Tag Archive: Up With Chris Hayes

Feb 18 2013

The Politics and Economics of Raising the Minimum Wage

Writing for his New York Times blog, Conscience of a Liberal, Nobel Prize winning economics professor Paul Krugman makes two salient observation about President Barack Obama’s proposal to raise the minimum wage from the current $7.25 per hour to $9.00 per hour indexed to inflation. His first observation is the political “trap” for Republicans leaders who are opposed, even though a vast majority of voters support a wage increase (pdf) and that includes a string majority of Republican women but not men. Prof Krugman notes that while Republicans want you to believe that they are concerned workers might lose their jobs, he gives two examples of why this faux sincerity “won’t wash”:

1. The truth is that top Republicans have so little regard for ordinary workers that they can’t even manage to pretend otherwise. Case in point: on the last Labor Day, Eric Cantor declared,

   “Today, we celebrate those who have taken a risk, worked hard, built a business and earned their own success”.

Yep: even on Labor Day, Cantor had nothing positive to say about workers, just praise for their bosses.

2. Consider a working couple with two children, earning the current minimum wage. How much federal income tax do they pay? If I’m doing the math right, the answer is, none – they get a refund. (They pay plenty of payroll taxes, sales taxes, etc., but that isn’t supposed to count). In the minds of Republicans, this makes them lucky duckies, members of the 47 percent, part of what’s wrong with America. The GOP just can’t credibly claim to suddenly be deeply concerned about their job prospects.

Prof. Krugman’s second observation is about the economics of raising the minimum wage:

First, as John Schmitt (pdf) documents at length, there just isn’t any evidence that raising the minimum wage near current levels would reduce employment. And this is a really solid result, because there have been a lot of studies. We can argue about exactly why the simple Econ 101 story doesn’t seem to work, but it clearly doesn’t – which means that the supposed cost in terms of employment from seeking to raise low-wage workers’ earnings is a myth.

Second – and this is news to me – the usual notion that minimum wages and the Earned Income Tax Credit are competing ways to help low-wage workers is wrong. On the contrary, raising the minimum wage is a way to make the EITC work better, ensuring that its benefits go to workers rather than getting shared with employers. This actually is Econ 101, but done right: given a second-best world in which you use imperfect tools to help deserving workers, two tools together can produce a better outcome than either one on its own.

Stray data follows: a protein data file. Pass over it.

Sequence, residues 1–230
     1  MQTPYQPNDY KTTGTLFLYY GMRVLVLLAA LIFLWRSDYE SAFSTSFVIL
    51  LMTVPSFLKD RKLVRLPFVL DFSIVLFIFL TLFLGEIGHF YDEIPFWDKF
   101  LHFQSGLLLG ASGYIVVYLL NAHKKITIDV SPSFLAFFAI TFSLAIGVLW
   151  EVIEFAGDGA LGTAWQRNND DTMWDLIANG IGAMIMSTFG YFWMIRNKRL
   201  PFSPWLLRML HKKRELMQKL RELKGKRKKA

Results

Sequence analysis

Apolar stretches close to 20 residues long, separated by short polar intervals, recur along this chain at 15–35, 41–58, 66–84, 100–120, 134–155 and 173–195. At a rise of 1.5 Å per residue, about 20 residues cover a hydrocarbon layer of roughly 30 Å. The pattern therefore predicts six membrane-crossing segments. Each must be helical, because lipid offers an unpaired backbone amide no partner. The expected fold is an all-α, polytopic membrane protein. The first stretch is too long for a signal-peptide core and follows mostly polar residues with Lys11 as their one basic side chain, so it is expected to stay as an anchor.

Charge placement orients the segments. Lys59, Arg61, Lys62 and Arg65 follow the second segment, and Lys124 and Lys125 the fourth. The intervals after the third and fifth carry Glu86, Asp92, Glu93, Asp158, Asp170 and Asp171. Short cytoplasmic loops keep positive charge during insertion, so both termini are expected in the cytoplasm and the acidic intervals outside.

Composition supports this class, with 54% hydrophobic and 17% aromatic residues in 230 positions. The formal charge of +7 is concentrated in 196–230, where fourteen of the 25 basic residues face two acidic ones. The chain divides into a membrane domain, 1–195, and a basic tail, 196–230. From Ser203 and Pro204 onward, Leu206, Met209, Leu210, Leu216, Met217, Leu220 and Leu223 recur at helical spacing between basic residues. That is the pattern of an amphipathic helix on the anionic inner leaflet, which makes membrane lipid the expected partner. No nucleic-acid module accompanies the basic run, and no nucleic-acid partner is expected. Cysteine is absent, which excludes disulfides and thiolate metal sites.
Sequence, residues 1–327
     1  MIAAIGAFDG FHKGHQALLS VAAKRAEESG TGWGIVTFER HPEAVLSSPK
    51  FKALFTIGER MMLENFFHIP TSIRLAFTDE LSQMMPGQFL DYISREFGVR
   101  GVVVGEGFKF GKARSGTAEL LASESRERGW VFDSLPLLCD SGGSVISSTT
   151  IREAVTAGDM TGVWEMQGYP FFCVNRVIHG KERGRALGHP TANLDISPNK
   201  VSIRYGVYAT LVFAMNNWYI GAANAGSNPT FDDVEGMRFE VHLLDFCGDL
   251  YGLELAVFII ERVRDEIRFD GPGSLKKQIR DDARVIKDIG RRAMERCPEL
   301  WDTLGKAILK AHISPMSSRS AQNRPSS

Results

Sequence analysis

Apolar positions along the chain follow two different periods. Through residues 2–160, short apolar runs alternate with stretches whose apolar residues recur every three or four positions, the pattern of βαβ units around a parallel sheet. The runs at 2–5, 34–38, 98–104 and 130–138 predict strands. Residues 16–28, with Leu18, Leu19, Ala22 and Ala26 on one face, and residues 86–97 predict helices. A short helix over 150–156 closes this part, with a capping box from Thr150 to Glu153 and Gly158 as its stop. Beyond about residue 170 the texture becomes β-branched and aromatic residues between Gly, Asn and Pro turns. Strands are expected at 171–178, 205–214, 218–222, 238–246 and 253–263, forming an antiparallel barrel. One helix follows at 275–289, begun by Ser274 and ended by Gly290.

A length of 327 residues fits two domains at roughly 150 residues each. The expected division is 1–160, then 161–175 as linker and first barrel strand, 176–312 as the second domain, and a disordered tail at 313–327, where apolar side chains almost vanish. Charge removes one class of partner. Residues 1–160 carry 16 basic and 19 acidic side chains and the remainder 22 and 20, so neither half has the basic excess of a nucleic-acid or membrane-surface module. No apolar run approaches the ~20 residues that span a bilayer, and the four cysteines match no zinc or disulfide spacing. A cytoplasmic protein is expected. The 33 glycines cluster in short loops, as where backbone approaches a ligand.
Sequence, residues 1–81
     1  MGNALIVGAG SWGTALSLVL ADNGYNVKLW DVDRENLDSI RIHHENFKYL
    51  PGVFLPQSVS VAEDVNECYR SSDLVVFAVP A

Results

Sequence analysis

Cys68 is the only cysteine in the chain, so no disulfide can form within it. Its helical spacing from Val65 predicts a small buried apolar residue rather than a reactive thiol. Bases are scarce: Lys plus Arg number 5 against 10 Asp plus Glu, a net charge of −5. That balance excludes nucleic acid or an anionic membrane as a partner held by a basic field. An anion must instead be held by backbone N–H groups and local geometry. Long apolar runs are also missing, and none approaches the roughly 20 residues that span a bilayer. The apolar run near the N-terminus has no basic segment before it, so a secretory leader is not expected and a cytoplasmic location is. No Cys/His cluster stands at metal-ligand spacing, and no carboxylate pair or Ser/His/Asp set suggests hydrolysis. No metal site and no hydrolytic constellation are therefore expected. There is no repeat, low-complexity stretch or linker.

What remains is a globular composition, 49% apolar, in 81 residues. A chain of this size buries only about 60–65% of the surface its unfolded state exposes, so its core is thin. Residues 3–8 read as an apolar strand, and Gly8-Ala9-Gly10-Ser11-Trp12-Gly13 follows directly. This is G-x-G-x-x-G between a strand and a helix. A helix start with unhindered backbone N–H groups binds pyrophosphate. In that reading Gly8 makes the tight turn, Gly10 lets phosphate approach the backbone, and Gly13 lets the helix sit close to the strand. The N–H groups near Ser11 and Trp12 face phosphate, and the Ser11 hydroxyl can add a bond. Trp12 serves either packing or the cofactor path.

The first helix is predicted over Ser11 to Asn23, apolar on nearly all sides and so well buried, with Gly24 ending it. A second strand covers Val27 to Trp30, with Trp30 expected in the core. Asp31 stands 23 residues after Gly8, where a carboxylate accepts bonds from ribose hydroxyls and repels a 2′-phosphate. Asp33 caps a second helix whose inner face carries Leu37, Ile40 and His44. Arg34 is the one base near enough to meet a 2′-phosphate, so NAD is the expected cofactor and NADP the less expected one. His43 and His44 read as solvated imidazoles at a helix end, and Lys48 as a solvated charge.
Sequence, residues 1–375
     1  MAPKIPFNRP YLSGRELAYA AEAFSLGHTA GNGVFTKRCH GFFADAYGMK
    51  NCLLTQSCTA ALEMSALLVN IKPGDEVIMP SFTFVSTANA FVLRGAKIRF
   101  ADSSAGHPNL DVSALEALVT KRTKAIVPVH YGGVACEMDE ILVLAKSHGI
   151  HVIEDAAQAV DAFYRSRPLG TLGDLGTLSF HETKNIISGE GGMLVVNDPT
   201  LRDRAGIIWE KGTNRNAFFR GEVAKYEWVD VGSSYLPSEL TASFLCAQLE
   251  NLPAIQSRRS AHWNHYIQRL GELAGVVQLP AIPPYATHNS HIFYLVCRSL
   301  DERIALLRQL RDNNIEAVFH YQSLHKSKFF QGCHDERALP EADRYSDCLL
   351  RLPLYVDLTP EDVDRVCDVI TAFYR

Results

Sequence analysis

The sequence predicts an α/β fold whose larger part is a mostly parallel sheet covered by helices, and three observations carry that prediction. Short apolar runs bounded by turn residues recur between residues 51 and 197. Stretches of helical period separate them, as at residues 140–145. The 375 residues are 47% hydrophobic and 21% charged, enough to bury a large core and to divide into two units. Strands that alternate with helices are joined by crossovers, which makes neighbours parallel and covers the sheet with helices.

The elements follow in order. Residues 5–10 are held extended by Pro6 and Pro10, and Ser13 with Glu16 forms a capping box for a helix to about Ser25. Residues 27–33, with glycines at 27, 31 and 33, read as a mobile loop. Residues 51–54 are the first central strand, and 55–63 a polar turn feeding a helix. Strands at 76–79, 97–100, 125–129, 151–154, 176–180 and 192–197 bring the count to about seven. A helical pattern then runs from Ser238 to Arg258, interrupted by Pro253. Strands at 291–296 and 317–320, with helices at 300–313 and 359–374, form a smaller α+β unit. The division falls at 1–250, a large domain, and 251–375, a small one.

As usual, if you want comprehensive, in depth discussion without the political talking points and invective, at the same time presenting both sides, Chris Hayes and his guests on Up with Chris Hayes this past Saturday provided just that. Joining Chris to discuss the president’s proposal to raise the minimum wage were by Arindrajit Dube, assistant professor of economics at University of Massachusetts-Amherst; Lew Prince, owner of Vintage Vinyl, Inc. a small business in St. Louis, Missouri; Jennifer Sevilla Korn, executive director of the Hispanic Leadership Network; and Tsedeye Geeresslasse, staff attorney of the National Employment Law Project.

Republicans and business groups have lined up in opposition to a minimum wage increase, and in doing so, they’ve repeated a talking point that has been common in Washington for decades: that an increase in the minimum wage would lead to reductions in employment. As it turns out, there’s a growing body of empirical evidence that indicates that minimum wage increases, within a certain range, have no negative impact on employment, and may actually boost worker productivity and consumer demand, providing a much-needed stimulus to the economy.

Feb 12 2013

Drones: How America Kills

How America kills using drones has been a hot topic for many on the left who feel that the Obama administration has gone too far with the ubiquitous “Global War on Terror” (GWOT) when the president ordered the assassination of Anwar Al Awlaki and two weeks later his 16 year old son. The disagreement over this policy became even more heated when the Justice Department released an undated White Paper that outlined the memos that allegedly justifies extrajudicial executions by the Executive branch without due process. Constitutional lawyer and columnist at The Guardian, Glenn Greenwald observed that the memo has forced many Democrats “out of the closet as overtly unprincipled hacks:”

Illustrating this odd phenomenon was a much-discussed New York Times article on Sunday by Peter Baker which explained that these events “underscored the degree to which Mr. Obama has embraced some of Mr. Bush’s approach to counterterrorism, right down to a secret legal memo authorizing presidential action unfettered by outside forces.” [..]

Baker also noticed this: “Some liberals acknowledged in recent days that they were willing to accept policies they once would have deplored as long as they were in Mr. Obama’s hands, not Mr. Bush’s.” As but one example, the article quoted Jennifer Granholm, the former Michigan governor and fervent Obama supporter, as admitting without any apparent shame that “if this was Bush, I think that we would all be more up in arms” because, she said “we trust the president“. Thus did we have – while some media liberals objected – scores of progressives and conservatives uniting to overtly embrace the once-controversial Bush/Cheney premises of the War on Terror (it’s a global war! the whole world is a battlefield! the president has authority to do whatever he wants to The Terrorists without interference from courts!) in order to defend the war’s most radical power yet (the president’s power to assassinate even his own citizens in secret, without charges, and without checks). [..]